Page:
© 2007 The Associated Press
AUSTIN — Texas could sentence some hardcore child molesters to death under a bill given preliminary approval Monday by the state House of Representatives.
In a bill designed to crack down on sex offenders who repeatedly prey on children, the House voted to create a new category of crime — continual sexual abuse of a young child or children — that carries a minimum of 25 years to life in prison and possibly the death penalty for a second offense.
The bill represented a compromise after the House delayed a vote on a broader death penalty provision over constitutional concerns and worries it might lead some molesters to kill their victims.
Lawmakers said they talked with district attorneys, defense lawyers and victim advocacy groups before coming back for a vote on Monday.
"This bill is supposed to go after the true pedophiles ... the worst of the worst," said Rep. Dan Gattis, R-Georgetown, a Republican and former prosecutor who drafted the compromise.
"Nothing we do will be more important," Rep. Debbie Riddle, R-Tomball, who filed the original bill, said before the 118-23 vote of approval. The bill still must get a final vote before going to the Senate, which is considering a similar measure.
The bill is named Jessica's Law after Jessica Lunsford, a Florida girl who was abducted and killed. More than a dozen states have passed versions of Jessica's Law to crack down on sex offenders and Gov. Rick Perry has deemed passage of a child sex offender bill a legislative emergency.
The Texas version would make the Lone Star State the sixth to allow some child sex offenders to be sentenced to death, although some legal experts question whether it is constitutional to use the ulimate penalty in cases where the victim did not die.
In 1977, the U.S. Supreme Court threw out the death penalty in a Georgia rape case. Louisiana has one inmate on death row in a child sex crime but the case is still subject to appeals in state and federal courts.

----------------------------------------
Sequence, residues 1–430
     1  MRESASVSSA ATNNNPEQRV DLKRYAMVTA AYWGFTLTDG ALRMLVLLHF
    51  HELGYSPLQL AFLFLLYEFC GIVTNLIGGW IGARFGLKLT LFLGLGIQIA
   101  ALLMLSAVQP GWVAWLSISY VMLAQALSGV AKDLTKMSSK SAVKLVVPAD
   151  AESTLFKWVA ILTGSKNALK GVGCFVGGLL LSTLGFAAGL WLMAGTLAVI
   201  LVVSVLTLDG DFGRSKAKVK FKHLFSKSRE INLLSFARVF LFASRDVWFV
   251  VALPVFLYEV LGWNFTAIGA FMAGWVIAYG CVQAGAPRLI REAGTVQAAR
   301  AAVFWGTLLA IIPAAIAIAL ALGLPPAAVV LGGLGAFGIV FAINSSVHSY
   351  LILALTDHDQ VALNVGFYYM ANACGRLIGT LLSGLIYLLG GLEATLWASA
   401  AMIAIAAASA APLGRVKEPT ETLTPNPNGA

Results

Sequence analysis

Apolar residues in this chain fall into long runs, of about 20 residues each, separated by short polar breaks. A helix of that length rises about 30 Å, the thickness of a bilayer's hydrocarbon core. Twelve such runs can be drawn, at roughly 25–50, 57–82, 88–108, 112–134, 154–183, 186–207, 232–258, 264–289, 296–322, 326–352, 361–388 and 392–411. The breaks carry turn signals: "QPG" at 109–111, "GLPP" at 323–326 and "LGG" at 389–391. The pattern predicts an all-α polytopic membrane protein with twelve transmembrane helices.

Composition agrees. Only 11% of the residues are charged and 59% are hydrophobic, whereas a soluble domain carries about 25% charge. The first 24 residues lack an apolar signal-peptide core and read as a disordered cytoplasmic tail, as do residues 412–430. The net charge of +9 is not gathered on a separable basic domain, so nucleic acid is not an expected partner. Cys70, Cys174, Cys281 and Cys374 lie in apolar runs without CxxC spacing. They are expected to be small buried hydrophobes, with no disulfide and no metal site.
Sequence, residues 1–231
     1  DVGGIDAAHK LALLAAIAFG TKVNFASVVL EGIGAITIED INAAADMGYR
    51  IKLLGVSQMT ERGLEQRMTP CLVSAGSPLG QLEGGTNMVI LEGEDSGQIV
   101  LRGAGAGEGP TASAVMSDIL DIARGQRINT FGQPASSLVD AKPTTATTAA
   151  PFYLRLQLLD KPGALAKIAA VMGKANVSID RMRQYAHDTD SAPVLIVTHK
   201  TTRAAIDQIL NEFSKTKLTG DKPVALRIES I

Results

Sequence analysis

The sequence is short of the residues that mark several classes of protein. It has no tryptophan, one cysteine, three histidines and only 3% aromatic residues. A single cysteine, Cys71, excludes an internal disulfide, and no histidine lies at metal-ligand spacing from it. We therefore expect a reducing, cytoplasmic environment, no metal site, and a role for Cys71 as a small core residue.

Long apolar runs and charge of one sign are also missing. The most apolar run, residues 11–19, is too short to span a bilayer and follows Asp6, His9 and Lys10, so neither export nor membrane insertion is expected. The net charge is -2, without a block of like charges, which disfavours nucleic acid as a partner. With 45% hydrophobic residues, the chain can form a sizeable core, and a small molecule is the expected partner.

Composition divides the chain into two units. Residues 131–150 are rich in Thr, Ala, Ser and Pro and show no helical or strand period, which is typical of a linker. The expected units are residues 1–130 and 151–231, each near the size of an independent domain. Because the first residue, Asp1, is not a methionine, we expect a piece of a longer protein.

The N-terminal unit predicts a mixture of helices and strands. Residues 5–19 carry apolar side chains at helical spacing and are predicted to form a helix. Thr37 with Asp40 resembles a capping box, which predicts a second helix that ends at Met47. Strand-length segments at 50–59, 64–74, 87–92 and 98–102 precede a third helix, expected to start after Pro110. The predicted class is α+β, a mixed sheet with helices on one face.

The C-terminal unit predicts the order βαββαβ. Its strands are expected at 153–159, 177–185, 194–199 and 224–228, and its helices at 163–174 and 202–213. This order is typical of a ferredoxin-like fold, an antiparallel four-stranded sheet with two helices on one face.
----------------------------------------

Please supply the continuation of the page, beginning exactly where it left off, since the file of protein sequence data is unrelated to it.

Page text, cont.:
The House bill defines continuous sexual abuse of a young child as more than one sex act committed against a victim younger than 14 over a period of 30 days or more.
The first offense would carry 25 to 99 years in prison. If an offender was released and later convicted of the same crime again, he or she would face life without parole or the death penalty.
Lawmakers created a "Romeo and Juliet" exception to avoid prosecuting a situation that might be a high school romance, such as a 17-year old senior and a 13-year-old freshman engaging in consensual sex. That could still be punishable under statutory rape laws, but not the new, harsher continual assault law.
The bill also removes the statute of limitations for many sex crimes against children, including indecency with a child and aggravated sexual assault. The current limit to bring charges is 10 years after the victim's 18th birthday.
Victim advocates have warned that the death penalty could do more harm than good if they lead perpetrators to kill victims who may be the only witness to the crime.
They also warn that long minimum sentences could make it harder for prosecutors to get victims to cooperate if the perpetrator is a family member. Most sex crimes against children are committed by family members or friends, victim advocates say.
"A family can say Uncle Bob could get the death penalty," said Rep. Harold Dutton, D-Houston, who failed to get the death penalty provision removed. "You will shove a lot of this conduct farther back in the shadows. Children will not come forward."
Gattis said it's a legitimate concern, "but sometimes you've got to say enough's enough."